Odds men out: how people power can muzzle the scourge of TV gambling in all its guises

Let us pause to remember Tom Waterhouse is merely the ugly pustule crowning the pimple of television sports betting.

If his white head burst on our television sets tomorrow, we'd still be left with the infection that pushed him to the surface - Betfair's 2008 High Court decision allowing bookmakers to parade their trade absolutely everywhere.

Amid the rancour and outrage directed at Waterhouse (of which I have been a part), it's easy to lose sight of the fact he's only one of a number of online betting agencies facilitating a cultural shift in our attitude to gambling.

I was concerned this column might repeat sentiments already expressed here about TV sports betting until I watched the football last weekend and saw Waterhouse and his competitors' ads repeating themselves - over and over again.

This is how culture forms and while it's easy to feel powerless under its onslaught, we actually have a choice as to whether we accept the changes happening in Australian society.

The run-up to this year's federal election is the time we can make our voices heard - by contacting local MPs and demanding legislation to prevent Waterhouse, Betfair, Sportingbet, Centrebet or any other company further shoving the septic shard of TV sports gambling into the face of an evening with your family.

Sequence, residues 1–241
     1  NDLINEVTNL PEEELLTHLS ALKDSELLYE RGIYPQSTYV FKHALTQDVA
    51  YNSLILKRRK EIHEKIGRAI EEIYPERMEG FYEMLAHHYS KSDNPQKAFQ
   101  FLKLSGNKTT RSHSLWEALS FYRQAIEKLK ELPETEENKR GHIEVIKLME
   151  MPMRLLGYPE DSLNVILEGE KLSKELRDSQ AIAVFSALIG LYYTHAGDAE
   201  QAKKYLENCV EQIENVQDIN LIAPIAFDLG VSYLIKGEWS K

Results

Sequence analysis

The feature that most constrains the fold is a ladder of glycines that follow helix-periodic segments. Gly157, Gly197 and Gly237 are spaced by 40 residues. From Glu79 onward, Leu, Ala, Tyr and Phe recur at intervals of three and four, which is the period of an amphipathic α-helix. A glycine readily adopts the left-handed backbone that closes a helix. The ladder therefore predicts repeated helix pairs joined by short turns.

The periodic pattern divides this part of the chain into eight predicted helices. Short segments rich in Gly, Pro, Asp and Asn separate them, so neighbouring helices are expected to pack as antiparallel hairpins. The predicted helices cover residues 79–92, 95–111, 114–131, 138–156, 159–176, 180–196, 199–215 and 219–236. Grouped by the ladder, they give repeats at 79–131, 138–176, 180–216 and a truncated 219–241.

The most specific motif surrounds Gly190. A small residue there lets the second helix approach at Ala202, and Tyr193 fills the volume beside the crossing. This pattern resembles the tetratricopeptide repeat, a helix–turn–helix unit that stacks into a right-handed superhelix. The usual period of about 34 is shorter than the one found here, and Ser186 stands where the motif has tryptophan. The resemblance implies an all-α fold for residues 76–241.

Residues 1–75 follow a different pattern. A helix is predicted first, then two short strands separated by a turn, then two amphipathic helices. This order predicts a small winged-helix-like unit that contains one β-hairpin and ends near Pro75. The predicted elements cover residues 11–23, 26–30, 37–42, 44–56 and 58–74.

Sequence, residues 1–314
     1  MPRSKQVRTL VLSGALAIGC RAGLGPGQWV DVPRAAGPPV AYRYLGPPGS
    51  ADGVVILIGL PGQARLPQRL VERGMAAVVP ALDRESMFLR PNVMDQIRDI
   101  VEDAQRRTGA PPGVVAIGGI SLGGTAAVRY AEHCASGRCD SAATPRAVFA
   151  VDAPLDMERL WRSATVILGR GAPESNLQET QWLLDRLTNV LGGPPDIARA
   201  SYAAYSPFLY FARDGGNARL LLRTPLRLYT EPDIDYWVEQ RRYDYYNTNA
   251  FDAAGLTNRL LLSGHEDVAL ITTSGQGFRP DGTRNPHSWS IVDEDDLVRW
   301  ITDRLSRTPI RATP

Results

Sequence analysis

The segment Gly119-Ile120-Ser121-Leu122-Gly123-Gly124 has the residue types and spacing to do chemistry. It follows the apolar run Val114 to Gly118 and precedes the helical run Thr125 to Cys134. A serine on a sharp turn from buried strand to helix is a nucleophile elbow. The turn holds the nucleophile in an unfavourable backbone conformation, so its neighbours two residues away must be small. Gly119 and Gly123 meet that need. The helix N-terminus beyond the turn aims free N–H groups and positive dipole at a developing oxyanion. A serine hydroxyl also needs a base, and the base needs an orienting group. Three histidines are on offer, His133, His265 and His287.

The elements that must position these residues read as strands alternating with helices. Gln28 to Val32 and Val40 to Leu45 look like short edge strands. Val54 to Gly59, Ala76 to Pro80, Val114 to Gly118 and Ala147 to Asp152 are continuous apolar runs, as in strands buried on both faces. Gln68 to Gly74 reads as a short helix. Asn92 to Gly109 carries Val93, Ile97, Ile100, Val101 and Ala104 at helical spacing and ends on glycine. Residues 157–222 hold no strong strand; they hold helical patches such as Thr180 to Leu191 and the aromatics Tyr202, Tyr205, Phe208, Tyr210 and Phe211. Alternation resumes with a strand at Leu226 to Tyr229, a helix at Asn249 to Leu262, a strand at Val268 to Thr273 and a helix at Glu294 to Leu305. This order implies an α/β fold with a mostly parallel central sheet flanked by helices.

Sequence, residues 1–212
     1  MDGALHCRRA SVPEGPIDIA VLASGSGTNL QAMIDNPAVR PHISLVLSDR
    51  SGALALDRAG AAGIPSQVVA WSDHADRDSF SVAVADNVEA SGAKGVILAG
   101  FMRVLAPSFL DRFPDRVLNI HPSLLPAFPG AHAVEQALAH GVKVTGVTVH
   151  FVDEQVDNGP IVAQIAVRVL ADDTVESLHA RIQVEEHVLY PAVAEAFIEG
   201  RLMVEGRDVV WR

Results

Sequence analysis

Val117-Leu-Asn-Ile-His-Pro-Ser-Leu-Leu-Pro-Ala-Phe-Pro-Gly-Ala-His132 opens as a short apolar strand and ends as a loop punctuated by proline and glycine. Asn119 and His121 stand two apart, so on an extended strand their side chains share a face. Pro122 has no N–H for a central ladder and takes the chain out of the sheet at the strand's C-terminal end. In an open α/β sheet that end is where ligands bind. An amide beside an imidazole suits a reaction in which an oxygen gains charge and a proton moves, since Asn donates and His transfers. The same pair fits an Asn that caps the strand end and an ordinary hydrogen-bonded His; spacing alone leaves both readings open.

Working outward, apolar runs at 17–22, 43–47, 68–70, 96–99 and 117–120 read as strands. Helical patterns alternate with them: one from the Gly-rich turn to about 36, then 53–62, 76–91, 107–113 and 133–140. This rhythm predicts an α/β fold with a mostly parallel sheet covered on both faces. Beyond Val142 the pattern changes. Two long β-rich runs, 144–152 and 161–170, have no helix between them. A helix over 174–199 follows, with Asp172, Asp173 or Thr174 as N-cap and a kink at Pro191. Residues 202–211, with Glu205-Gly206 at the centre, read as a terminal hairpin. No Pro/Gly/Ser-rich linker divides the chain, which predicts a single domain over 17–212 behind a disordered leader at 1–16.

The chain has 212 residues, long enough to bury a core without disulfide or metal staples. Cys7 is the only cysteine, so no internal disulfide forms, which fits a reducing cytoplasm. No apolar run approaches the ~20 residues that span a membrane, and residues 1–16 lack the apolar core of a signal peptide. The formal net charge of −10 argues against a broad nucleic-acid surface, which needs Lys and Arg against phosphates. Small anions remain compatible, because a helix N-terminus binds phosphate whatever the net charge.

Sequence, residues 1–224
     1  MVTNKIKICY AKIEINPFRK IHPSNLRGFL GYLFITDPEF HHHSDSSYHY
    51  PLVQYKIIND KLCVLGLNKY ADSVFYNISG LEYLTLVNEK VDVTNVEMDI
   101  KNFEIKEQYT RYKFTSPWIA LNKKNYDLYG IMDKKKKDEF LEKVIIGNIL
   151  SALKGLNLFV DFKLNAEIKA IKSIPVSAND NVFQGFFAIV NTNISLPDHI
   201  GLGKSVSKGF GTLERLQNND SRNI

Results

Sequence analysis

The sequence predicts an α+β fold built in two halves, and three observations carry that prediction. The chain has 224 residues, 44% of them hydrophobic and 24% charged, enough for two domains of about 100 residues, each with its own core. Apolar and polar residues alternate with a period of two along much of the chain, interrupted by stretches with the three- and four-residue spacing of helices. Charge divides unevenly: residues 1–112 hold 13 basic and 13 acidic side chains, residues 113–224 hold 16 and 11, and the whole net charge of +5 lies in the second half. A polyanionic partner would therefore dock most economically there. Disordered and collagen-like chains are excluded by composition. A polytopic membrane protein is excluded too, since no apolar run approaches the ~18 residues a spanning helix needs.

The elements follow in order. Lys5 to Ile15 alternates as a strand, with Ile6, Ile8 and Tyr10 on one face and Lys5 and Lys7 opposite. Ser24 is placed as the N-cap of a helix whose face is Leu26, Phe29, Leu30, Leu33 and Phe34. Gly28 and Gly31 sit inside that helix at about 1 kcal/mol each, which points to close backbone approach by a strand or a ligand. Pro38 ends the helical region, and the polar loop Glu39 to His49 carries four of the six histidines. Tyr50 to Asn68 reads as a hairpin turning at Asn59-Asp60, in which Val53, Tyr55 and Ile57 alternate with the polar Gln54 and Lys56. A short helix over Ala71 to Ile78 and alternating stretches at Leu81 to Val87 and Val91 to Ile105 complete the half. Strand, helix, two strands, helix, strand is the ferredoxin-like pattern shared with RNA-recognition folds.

If you doubt the ability of your opinion to influence lawmakers and the power of legislation to shape cultural attitudes, look no further than how far we've come in our efforts to combat drink-driving.

Random breath testing has been with us for a little over a generation and in that time driving drunk has been transformed from a widely accepted thumbing-of-the-nose at authority to something most of us just don't do any more.

Sure people still do it, but it's now a retrograde minority who'd not call a cab for a drunken friend fumbling with their car keys. We've changed.

Remember, too, it was not so long ago the hotel and alcohol industries told us random breath testing would be the death of pubs and clubs. They were wrong, just like TV networks and sporting codes suggesting they can't survive without revenues from gambling sponsorship.

Similar nonsense was trotted out when the bans on cigarettes spread their beautiful wings - first over sporting sponsorship, then the whole country, so that we now sit indoors puzzled that we were ever made to endure rooms opaque with smoke and football trophies named after durries.

It seems like every other week we shake our heads in bewilderment at the US, that their citizens cannot see the link between their guns laws and the number of mass shootings in their country.

Why? Because our own experience after Port Arthur has shown thoughtful legislation can work. Laws compel, then culture exhorts.

When it comes to gambling, the rest of the world views us like we do the US and their gun in every pocket and handbag. Australians lose more money to gambling, per adult resident, than any country in the world.

In that context, Tom Waterhouse is merely a blemish, but he's one easily removed.

This article Odds men out: how people power can muzzle the scourge of TV gambling in all its guises was originally published in The Sydney Morning Herald.